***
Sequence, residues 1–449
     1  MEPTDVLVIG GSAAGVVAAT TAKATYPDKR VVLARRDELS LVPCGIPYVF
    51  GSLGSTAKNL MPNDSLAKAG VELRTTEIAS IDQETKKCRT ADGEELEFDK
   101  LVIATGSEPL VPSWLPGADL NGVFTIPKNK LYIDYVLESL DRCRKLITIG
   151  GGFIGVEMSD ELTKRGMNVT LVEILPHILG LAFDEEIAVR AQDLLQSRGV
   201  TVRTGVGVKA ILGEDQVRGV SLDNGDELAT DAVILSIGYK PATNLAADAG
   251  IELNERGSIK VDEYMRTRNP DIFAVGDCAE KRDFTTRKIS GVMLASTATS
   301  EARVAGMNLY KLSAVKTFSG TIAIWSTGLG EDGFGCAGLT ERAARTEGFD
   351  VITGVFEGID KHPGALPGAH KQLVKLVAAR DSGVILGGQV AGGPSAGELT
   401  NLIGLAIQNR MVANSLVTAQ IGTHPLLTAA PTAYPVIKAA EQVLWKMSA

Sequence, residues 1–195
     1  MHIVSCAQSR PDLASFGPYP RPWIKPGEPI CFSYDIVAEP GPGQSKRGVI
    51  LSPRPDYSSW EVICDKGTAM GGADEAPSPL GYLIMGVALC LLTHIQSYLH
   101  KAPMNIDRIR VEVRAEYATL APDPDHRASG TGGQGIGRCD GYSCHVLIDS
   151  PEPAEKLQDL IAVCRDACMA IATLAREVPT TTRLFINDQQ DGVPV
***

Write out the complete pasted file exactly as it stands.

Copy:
Sequence, residues 1–449
     1  MEPTDVLVIG GSAAGVVAAT TAKATYPDKR VVLARRDELS LVPCGIPYVF
    51  GSLGSTAKNL MPNDSLAKAG VELRTTEIAS IDQETKKCRT ADGEELEFDK
   101  LVIATGSEPL VPSWLPGADL NGVFTIPKNK LYIDYVLESL DRCRKLITIG
   151  GGFIGVEMSD ELTKRGMNVT LVEILPHILG LAFDEEIAVR AQDLLQSRGV
   201  TVRTGVGVKA ILGEDQVRGV SLDNGDELAT DAVILSIGYK PATNLAADAG
   251  IELNERGSIK VDEYMRTRNP DIFAVGDCAE KRDFTTRKIS GVMLASTATS
   301  EARVAGMNLY KLSAVKTFSG TIAIWSTGLG EDGFGCAGLT ERAARTEGFD
   351  VITGVFEGID KHPGALPGAH KQLVKLVAAR DSGVILGGQV AGGPSAGELT
   401  NLIGLAIQNR MVANSLVTAQ IGTHPLLTAA PTAYPVIKAA EQVLWKMSA

Sequence, residues 1–195
     1  MHIVSCAQSR PDLASFGPYP RPWIKPGEPI CFSYDIVAEP GPGQSKRGVI
    51  LSPRPDYSSW EVICDKGTAM GGADEAPSPL GYLIMGVALC LLTHIQSYLH
   101  KAPMNIDRIR VEVRAEYATL APDPDHRASG TGGQGIGRCD GYSCHVLIDS
   151  PEPAEKLQDL IAVCRDACMA IATLAREVPT TTRLFINDQQ DGVPV